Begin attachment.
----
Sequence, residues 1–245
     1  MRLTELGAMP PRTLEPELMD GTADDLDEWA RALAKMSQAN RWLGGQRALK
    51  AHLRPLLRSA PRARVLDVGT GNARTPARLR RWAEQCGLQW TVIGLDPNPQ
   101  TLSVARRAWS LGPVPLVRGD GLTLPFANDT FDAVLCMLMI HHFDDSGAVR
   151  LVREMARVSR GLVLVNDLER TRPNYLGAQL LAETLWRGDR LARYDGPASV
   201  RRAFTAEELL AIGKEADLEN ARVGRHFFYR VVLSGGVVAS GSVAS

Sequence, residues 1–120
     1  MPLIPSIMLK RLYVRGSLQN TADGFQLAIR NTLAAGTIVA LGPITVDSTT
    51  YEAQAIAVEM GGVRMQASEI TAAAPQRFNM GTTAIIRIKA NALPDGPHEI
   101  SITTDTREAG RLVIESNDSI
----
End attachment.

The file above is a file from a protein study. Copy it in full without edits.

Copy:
Sequence, residues 1–245
     1  MRLTELGAMP PRTLEPELMD GTADDLDEWA RALAKMSQAN RWLGGQRALK
    51  AHLRPLLRSA PRARVLDVGT GNARTPARLR RWAEQCGLQW TVIGLDPNPQ
   101  TLSVARRAWS LGPVPLVRGD GLTLPFANDT FDAVLCMLMI HHFDDSGAVR
   151  LVREMARVSR GLVLVNDLER TRPNYLGAQL LAETLWRGDR LARYDGPASV
   201  RRAFTAEELL AIGKEADLEN ARVGRHFFYR VVLSGGVVAS GSVAS

Sequence, residues 1–120
     1  MPLIPSIMLK RLYVRGSLQN TADGFQLAIR NTLAAGTIVA LGPITVDSTT
    51  YEAQAIAVEM GGVRMQASEI TAAAPQRFNM GTTAIIRIKA NALPDGPHEI
   101  SITTDTREAG RLVIESNDSI